Refugee Flood Engulfs Camps

Hundreds of Sudanese and Somalis pour over the border daily to escape civil strife at home. ETHIOPIA

`I was a building contractor. I had a lot of houses and trucks. Now, in this camp, my children are nearly naked. I'm not used to it.'' As Somalian Mohamed Abdillahi Youssef - one of the world's more than 14 million refugees - tells his story, a dozen pairs of eyes peer in from under the burlap and plastic walls of his hut.

His green-and-white scarf, a lingering touch of affluence, hangs down to frayed, gray-and- white-striped slacks. His plight illustrates the disruption in the lives of most refugees, and the challenges in helping them, especially in desolate, desert areas such as this one, miles from food and water. Water to the Somali camps, for example, is trucked in from wells 50 miles away.

Though Africa's approximately 4 million refugees constitute less than a third of the world's total, they absorb almost half the budget of the United Nations High Commission on Refugees (UNHCR).

``Everything has to be brought in, from food to tents, to cooking utensils,'' says Meryem Amar, a UNHCR spokesperson in the Ethiopian capital of Addis Ababa. ``Sometimes we have to build roads,'' she says.

The number of African refugees continues to climb, with civil wars continuing in Sudan, Ethiopia, Somalia, Mozambique, and Angola. And a border dispute between Senegal and Mauritania has forced the exodus of thousands from both countries.

As the escape door for people fleeing violence in both Sudan and Somalia, Ethiopia - among Africa's poorest nations - has become the unintended host to more refugees than any other African country, about 800,000, according to the UNHCR. Several hundred people continue to arrive daily from both countries, says a UNHCR official.

Last summer, several thousand Somali civilians trekked in daily as Somali troops fought fiercely against Somali rebels, especially in the city of Hargessa, in northern Somalia, Mr. Abdillahi's home.

As Abdillahi continues his story, the curious crowd outside the hut swells to scores. But beyond the circle, camp life rolls slowly on in a routine mixed with desperation and fear, but also enterprise and hope.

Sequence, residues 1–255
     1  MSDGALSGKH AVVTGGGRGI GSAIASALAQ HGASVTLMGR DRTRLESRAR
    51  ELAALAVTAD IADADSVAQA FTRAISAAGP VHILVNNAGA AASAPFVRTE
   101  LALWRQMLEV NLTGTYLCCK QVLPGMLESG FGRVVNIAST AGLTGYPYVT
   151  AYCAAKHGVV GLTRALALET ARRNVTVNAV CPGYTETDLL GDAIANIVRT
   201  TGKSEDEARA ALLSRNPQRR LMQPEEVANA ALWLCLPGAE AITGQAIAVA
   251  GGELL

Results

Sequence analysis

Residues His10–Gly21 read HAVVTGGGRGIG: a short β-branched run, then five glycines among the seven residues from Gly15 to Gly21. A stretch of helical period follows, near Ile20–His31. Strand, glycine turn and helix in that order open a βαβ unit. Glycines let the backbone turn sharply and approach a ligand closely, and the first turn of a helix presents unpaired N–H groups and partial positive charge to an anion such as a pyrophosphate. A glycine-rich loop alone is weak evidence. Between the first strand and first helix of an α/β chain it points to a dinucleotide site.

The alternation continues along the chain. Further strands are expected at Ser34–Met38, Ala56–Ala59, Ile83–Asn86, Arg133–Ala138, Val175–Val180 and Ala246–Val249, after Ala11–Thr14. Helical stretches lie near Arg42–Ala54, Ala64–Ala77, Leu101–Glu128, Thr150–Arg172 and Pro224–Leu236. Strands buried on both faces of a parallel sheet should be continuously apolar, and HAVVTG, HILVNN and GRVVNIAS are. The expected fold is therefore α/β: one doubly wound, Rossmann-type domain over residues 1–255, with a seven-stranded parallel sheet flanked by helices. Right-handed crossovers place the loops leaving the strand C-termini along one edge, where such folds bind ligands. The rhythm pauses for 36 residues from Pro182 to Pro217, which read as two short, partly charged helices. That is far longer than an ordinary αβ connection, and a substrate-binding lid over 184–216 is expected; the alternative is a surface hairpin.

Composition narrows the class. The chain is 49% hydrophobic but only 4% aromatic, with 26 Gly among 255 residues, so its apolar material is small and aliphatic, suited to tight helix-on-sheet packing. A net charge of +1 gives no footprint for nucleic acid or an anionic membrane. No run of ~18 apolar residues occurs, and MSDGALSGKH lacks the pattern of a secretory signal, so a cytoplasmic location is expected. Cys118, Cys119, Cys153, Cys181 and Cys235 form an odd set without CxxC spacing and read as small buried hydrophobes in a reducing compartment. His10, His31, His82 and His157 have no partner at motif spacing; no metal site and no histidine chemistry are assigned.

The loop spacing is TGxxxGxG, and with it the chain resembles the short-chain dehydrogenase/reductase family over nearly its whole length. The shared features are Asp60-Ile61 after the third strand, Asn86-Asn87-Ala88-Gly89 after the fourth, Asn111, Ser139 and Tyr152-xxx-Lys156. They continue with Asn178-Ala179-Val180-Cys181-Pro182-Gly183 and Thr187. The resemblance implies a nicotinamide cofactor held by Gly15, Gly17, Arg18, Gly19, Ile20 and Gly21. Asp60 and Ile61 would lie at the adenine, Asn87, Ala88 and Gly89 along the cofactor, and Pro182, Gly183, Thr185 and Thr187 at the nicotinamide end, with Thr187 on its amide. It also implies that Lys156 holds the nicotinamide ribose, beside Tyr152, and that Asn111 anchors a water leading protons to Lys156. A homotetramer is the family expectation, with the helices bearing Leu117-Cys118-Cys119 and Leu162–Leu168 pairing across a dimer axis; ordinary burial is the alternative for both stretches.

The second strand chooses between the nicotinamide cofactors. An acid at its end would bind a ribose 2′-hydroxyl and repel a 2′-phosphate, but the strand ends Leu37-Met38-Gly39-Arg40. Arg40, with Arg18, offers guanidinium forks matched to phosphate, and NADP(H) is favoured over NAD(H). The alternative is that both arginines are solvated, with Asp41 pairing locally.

While some camp residents claim they are nearly starving for lack of food, others, according to camp officials and some refugees, claim more than their share of rations by using multiple ration cards obtained by registering several times under assumed names.

``Some refugees happen to have five, six, 10 ration cards,'' says Albert-Alain Peters, UNHCR representative to Ethiopia. ``Others, the most vulnerable ones, have one, maybe two.''

In an interview at a food distribution site, a Somali refugee says fear of not getting enough food drives some refugees to sign up for more than one ration card.

``The problem of rations is the frequency of distribution is not right,'' says the refugee. ``It always comes late. Sometimes we don't get a ration for one month.''

The food distribution witnessed by this correspondent was the first in more than a month, according to Ethiopian and UNHCR officials. Items such as wheat flour and cooking oil, do not always arrive in the camps at the same time from various international donors. Rather than hand out part of the ration, everything is held until the package is complete, a UNHCR official said.

There are also not enough trucks to keep up with timely food distribution, says another UNHCR official.

One result: ``Those people with one ration card may starve,'' says an Ethiopian official at the camp. ``They're getting about one third of what they should get.''